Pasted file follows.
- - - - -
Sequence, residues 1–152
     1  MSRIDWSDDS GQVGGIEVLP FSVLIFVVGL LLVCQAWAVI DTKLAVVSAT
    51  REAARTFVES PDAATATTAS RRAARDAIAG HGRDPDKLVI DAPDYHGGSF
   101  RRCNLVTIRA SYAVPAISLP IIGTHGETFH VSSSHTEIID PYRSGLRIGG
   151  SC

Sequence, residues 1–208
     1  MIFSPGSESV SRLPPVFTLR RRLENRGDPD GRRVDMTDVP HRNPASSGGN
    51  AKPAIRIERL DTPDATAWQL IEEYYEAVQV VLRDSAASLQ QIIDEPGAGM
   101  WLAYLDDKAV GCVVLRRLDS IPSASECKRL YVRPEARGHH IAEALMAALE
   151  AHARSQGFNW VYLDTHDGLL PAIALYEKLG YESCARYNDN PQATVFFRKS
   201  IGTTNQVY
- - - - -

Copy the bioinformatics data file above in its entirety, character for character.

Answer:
Sequence, residues 1–152
     1  MSRIDWSDDS GQVGGIEVLP FSVLIFVVGL LLVCQAWAVI DTKLAVVSAT
    51  REAARTFVES PDAATATTAS RRAARDAIAG HGRDPDKLVI DAPDYHGGSF
   101  RRCNLVTIRA SYAVPAISLP IIGTHGETFH VSSSHTEIID PYRSGLRIGG
   151  SC

Sequence, residues 1–208
     1  MIFSPGSESV SRLPPVFTLR RRLENRGDPD GRRVDMTDVP HRNPASSGGN
    51  AKPAIRIERL DTPDATAWQL IEEYYEAVQV VLRDSAASLQ QIIDEPGAGM
   101  WLAYLDDKAV GCVVLRRLDS IPSASECKRL YVRPEARGHH IAEALMAALE
   151  AHARSQGFNW VYLDTHDGLL PAIALYEKLG YESCARYNDN PQATVFFRKS
   201  IGTTNQVY